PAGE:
Annotation: This "Web-based Learning and Reflection" forum is designed to share examples from organizations that have recognized their own limitations in promoting cultural diversity and advancing and sustaining cultural and linguistic competence within human services, or those within the systems in which they are involved, related to the lack of cultural diversity and marginal attention that is given to fostering cultural and linguistic competence.

Learning Objectives: • Define a model of cultural competence including the role of policy in its implementation. • Define linguistic competence (Goode & Jones framework). • Cite legal mandates and requirements (policy directives) for language access for individuals with limited English proficiency. • Describe three approaches to influence change in organizational and public policy that promote cultural diversity and advance and sustain cultural and linguistic competence. • Reflect on the role of leadership in bringing about such change.

Women’s Health Policy: What and Why. Year Developed: 2013. Source: Johns Hopkins Bloomberg School of Public Health. Presenter(s): Cynthia Minkovitz, MD, MPH. Type: Video Lecture. Level: Introductory. Length: 10 minutes.

Annotation: In this brief presentation, Dr. Minkovitz provides a broad overview of the definition, elements and types of public policy. Six major criteria for evaluating policy are suggested. Reference is given to women’s health policy to exemplify the concepts, terms and public policy vehicles.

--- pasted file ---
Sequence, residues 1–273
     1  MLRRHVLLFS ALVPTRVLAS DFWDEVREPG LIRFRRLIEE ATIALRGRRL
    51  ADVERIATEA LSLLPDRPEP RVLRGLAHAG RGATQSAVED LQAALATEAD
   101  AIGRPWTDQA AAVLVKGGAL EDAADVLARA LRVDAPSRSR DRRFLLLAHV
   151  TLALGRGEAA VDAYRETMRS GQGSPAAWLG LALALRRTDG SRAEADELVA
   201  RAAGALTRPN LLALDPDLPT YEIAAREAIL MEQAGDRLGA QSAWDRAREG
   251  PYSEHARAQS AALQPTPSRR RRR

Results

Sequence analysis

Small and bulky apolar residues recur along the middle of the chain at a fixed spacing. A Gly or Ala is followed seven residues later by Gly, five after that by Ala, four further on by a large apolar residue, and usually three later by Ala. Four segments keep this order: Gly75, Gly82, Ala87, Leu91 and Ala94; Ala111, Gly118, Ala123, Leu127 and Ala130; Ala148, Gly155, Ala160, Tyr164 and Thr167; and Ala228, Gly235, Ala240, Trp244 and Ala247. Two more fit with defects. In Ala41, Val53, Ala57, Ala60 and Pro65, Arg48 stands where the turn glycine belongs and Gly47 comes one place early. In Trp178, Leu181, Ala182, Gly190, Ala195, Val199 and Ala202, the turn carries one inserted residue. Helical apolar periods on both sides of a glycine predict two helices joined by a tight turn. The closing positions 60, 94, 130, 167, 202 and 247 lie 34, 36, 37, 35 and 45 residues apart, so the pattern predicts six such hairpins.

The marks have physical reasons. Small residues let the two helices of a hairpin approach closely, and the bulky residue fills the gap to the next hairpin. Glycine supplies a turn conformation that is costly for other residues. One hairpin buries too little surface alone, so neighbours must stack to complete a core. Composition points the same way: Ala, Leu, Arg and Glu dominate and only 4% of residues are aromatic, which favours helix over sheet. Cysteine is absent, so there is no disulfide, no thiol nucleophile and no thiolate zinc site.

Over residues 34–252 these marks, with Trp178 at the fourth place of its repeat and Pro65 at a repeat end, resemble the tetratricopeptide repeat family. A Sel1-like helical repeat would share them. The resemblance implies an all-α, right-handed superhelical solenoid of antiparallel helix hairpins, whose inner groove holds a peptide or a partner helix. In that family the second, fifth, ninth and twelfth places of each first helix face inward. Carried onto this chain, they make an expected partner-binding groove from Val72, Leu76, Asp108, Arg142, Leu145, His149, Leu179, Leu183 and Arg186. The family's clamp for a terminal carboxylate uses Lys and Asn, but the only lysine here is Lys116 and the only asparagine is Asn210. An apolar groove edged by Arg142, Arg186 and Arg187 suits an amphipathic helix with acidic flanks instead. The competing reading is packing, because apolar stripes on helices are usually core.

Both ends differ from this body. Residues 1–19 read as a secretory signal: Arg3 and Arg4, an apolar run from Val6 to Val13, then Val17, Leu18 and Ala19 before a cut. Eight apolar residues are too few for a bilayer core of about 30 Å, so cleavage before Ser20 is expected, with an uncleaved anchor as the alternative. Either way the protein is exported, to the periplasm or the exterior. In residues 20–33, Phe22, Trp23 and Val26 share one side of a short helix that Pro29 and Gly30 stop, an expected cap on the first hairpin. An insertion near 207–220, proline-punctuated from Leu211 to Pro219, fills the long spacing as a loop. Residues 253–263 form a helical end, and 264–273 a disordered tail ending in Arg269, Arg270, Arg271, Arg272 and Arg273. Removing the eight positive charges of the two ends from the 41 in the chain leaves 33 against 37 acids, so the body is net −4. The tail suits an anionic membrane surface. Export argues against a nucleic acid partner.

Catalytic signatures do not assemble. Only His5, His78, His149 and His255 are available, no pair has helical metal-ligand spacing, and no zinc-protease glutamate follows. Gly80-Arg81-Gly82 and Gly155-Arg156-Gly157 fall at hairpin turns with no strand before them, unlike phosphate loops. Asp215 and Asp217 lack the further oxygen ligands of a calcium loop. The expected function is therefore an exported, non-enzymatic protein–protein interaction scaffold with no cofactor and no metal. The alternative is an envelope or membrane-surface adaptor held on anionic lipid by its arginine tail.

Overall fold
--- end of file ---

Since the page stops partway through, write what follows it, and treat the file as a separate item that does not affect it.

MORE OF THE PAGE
Learning Objectives: * Define policy. * Explain what is women's health policy. * Discuss the need for a focus on women's health policy. * Justify the use of policy to advocate for women's health.

Policy Analysis: Selection and Analysis of Policy Alternatives and Policy Feasibility. Year Developed: 2013. Source: University of Illinois at Chicago School of Public Health. Presenter(s): Arden Handler, DrPH. Type: Narrated Slide Presentation. Level: Intermediate Advanced. Length: 39 minutes.

Annotation: This presentation provides a review of two approaches to analysis of policy alternatives: 1) use of an evaluation framework; and 2) assessment of feasibility. Dr. Handler presents a sex-step process for policy analysis, providing specific guidance for each step. Particular attention is given to developing criteria for evaluation and selection. Dr. Handler’s guidance is provided in the form of sets of questions that an analyst needs to ask and answer at each step. Suggestions for locating source documentation also are provided.

Learning Objectives: • Understand the three main foci in policy analysis. • Learn how to analyze policy using and evaluative framework. • Learn how to distinguish between retrospective and prospective analyses.